Boehringer, team up on at-home testing for chronic kidney disease

Last year, claimed FDA approval for the first smartphone-based, at-home diagnostic that can be used to screen people for chronic kidney disease (CKD). Now, Boehringer Ingelheim has come on board to see how the test might be used more widely to improve patient care.

The Minuteful Kidney test provides a way to carry out the standard albumin-to-creatinine ratio (ACR) test, which detects protein in the urine and can provide an early warning that a person is starting to develop kidney disease.

It takes the form of a test kit that is received in the mail, combined with a mobile app that guides users through the process of collecting a urine sample, swabbing it with a dipstick and placing it on a color board ready to be photographed using a smartphone camera.

The app uses colorimetric analysis, computer vision and artificial intelligence technologies to assess the sample and give an immediate readout that can be shared with healthcare providers.

With Boehringer’s help, plans to examine the “operational aspects” of using the kit in people’s homes at scale to support early detection of CKD, which is sometimes called the “silent killer” because it often doesn’t cause symptoms until the very late stages.

Currently, the low rate of ACR testing in the U.S. is a major impediment to providing patients with the care they need. According to guidelines, all people in the at-risk category should have an annual test, but only around 20% actually do so.

“Increasing test-adherence rates across all demographics and socio-economic groups leads to earlier detection of CKD and provides a path to care for those who need it,” said’s U.S. general manager Paula LeClair in a press release.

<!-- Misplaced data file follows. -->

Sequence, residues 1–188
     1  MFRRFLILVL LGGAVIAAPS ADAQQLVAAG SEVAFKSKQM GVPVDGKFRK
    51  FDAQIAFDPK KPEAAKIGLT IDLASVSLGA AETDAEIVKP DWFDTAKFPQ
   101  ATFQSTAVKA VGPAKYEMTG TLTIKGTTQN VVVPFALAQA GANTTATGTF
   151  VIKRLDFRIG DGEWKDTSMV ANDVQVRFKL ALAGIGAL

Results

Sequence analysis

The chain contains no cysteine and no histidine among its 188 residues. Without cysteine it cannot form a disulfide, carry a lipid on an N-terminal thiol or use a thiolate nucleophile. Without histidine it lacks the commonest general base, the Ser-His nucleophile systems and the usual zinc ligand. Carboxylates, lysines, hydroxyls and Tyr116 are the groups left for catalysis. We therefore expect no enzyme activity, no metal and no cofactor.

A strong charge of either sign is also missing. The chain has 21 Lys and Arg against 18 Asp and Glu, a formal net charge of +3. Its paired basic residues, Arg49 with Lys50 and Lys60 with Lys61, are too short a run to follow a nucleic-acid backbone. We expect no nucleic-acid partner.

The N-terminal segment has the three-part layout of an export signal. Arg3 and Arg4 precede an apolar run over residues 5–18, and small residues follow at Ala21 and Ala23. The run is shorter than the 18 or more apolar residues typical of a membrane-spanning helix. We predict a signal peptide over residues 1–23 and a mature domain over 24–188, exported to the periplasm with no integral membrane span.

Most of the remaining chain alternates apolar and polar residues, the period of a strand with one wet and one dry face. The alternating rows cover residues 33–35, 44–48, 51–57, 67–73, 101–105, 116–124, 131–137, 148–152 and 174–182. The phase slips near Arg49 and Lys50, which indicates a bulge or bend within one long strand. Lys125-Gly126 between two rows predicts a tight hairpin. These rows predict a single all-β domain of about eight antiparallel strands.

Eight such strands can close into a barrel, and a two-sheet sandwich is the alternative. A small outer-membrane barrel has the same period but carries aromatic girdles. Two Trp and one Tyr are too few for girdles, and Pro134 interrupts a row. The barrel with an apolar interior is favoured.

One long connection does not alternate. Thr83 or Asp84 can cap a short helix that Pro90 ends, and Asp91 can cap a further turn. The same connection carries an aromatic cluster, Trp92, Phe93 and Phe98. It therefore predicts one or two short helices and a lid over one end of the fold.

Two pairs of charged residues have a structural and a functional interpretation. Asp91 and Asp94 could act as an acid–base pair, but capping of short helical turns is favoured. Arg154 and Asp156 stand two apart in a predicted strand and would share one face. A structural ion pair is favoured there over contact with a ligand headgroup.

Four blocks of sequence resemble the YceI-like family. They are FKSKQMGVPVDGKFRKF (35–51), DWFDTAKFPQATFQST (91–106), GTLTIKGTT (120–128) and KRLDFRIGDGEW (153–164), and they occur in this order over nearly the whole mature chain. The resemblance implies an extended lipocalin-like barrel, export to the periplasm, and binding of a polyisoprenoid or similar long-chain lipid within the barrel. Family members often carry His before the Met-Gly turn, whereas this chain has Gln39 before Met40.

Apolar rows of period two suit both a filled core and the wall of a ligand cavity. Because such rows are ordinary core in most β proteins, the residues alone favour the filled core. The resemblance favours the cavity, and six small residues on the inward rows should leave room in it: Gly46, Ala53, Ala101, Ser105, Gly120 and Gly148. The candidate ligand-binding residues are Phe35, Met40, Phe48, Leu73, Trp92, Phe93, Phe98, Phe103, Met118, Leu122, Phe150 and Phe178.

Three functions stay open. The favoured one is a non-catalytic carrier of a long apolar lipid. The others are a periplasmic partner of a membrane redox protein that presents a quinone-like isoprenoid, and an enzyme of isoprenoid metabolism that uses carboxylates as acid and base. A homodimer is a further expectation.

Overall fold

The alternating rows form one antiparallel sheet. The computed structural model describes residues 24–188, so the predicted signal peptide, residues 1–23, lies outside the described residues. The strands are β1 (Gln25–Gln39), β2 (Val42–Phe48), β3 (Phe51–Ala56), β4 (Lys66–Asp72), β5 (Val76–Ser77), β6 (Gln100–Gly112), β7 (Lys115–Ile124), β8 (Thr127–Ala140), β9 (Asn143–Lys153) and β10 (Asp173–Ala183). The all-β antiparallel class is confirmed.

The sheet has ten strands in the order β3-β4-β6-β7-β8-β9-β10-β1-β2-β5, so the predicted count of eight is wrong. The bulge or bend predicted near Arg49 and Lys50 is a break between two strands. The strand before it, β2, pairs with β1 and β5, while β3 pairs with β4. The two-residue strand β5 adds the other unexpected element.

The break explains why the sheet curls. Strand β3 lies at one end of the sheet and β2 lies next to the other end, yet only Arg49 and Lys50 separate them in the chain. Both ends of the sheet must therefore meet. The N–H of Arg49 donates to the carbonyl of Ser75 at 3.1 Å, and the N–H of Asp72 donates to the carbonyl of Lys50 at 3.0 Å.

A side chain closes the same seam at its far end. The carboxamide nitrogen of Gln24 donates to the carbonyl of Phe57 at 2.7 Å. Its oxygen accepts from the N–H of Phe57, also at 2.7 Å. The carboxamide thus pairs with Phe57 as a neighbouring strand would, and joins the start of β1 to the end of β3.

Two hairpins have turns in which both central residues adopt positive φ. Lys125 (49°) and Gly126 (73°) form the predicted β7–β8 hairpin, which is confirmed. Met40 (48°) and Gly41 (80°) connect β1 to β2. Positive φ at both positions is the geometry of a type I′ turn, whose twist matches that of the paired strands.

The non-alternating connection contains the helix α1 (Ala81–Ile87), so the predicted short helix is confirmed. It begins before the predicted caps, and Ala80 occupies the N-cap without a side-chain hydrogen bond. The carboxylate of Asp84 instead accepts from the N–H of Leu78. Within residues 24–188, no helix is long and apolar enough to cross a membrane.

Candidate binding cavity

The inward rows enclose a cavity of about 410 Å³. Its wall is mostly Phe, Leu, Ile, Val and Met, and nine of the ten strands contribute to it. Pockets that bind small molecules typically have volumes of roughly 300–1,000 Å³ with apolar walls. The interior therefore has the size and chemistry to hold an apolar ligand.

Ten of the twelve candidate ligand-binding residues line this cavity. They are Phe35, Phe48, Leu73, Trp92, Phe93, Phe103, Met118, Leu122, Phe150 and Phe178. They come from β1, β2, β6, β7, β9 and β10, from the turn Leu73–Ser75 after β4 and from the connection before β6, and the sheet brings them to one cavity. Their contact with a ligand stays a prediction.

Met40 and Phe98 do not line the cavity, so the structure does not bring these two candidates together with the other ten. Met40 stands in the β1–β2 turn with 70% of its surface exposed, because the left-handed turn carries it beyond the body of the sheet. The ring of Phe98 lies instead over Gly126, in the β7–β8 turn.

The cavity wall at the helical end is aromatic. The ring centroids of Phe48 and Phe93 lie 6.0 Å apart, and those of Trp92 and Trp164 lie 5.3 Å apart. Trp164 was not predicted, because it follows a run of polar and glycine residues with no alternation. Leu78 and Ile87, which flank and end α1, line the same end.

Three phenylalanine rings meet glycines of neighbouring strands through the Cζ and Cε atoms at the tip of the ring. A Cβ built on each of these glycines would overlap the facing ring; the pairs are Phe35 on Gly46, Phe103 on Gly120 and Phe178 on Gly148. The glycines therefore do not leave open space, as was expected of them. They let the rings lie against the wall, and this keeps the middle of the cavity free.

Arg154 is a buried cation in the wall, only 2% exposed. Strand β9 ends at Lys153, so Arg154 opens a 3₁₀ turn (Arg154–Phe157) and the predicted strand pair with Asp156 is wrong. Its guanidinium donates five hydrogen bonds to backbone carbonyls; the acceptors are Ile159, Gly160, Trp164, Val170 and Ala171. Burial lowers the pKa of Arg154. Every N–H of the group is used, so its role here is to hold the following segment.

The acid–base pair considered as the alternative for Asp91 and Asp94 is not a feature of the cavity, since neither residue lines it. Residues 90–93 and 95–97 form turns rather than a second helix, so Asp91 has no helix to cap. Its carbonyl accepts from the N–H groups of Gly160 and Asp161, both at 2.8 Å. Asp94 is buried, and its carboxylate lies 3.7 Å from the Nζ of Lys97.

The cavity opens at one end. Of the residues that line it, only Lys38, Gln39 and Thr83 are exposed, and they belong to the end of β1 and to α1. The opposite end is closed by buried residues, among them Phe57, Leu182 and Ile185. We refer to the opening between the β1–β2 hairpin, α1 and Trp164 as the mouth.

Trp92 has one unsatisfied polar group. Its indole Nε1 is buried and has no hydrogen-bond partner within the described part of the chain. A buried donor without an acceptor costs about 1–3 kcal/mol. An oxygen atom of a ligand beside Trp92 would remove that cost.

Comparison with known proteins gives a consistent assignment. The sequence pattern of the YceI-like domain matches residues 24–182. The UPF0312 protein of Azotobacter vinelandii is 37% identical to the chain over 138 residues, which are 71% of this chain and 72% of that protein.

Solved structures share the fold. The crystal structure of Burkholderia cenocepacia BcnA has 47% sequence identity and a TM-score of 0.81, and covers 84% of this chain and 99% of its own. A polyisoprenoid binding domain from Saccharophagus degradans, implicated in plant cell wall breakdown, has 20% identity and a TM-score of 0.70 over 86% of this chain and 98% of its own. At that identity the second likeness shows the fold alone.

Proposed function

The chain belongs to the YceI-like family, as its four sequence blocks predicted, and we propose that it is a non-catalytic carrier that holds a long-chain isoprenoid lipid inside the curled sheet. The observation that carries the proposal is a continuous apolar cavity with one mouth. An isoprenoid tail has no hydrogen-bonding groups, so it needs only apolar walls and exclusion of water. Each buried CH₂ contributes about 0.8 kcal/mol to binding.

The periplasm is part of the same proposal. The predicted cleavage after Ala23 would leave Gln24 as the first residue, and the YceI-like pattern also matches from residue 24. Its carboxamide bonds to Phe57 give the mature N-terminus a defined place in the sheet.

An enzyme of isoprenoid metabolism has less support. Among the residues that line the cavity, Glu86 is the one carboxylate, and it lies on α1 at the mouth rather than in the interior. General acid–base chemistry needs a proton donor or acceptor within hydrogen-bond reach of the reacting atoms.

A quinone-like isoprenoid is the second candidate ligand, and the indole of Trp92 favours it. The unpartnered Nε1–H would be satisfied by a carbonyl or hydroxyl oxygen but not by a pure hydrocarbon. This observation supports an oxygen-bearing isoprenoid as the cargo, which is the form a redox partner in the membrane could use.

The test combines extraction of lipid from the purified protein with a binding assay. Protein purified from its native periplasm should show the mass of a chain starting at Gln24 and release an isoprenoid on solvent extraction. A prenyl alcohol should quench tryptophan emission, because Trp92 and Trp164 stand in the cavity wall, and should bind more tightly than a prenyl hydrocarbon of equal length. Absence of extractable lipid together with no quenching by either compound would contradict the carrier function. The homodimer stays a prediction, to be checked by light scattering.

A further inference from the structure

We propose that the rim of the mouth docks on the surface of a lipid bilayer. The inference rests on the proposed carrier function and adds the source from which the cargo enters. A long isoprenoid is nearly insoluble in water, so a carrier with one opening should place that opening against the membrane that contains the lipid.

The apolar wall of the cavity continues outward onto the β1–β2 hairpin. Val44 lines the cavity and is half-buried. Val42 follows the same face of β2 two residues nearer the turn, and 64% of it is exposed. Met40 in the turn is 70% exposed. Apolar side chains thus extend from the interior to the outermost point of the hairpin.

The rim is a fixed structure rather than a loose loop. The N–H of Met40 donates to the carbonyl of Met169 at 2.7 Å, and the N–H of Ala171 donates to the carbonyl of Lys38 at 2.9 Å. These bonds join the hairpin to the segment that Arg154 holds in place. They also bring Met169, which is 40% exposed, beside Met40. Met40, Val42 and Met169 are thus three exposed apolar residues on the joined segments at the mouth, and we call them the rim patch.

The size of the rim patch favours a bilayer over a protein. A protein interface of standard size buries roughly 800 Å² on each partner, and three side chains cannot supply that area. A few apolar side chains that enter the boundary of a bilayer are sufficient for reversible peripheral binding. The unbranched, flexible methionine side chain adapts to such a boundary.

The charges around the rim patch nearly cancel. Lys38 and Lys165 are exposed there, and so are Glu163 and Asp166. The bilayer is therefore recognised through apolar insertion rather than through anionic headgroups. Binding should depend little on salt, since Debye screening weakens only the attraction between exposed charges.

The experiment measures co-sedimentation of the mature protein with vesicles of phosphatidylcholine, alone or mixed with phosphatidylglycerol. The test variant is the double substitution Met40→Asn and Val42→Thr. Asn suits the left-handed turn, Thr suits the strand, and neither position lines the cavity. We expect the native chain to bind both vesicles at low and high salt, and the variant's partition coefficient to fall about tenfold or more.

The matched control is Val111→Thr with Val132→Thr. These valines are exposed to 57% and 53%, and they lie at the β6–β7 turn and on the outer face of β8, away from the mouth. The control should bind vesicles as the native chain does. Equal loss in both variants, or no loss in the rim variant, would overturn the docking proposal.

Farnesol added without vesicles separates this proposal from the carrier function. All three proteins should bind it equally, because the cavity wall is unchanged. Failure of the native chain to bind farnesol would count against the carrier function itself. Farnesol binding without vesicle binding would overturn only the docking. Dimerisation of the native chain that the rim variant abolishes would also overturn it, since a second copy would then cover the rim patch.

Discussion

“This is a true win—better health outcomes for patients, as well as potentially reduced healthcare costs,” she added.

Boehringer has a horse in the race when it comes to identifying people who are at risk of CKD. The drugmaker is waiting for an FDA decision on its SGLT2 inhibitor Jardiance (empagliflozin)—partnered with Eli Lilly—as a treatment to reduce the risk of kidney disease progression and cardiovascular death in adults with the disease.

Jardiance is already approved for diabetes as well as heart failure and is the top-selling drug in the class with sales reaching a massive $6.3 billion last year.

In CKD it is playing catch-up with AstraZeneca’s SGLT2 drug Farxiga (dapagliflozin), which is already approved for that indication after getting a green light from the FDA last year. Boehringer and Lilly are now looking to close the gap and filed for approval in January. The U.S. regulator is due to deliver its verdict on Jardiance in the second half of this year.

Boehringer said the collaboration could help to increase testing for CKD so that those at risk can be evaluated for the appropriate care management.

“Early screening and diagnosis is critical in delaying CKD progression, and may help reduce the potential for serious complications down the road,” said Lennart Jungersten, head of medicine and regulatory affairs at Boehringer Ingelheim Pharmaceuticals.

AZ meanwhile has also turned to medtech to support the development and use of therapies for CKD. It is working with Health2Sync on a digital support program for patients already diagnosed with CKD and is using a digital testing device developed by ImpediMed to measure fluid status and tissue composition in its CKD clinical trials as an alternative to conventional lab testing.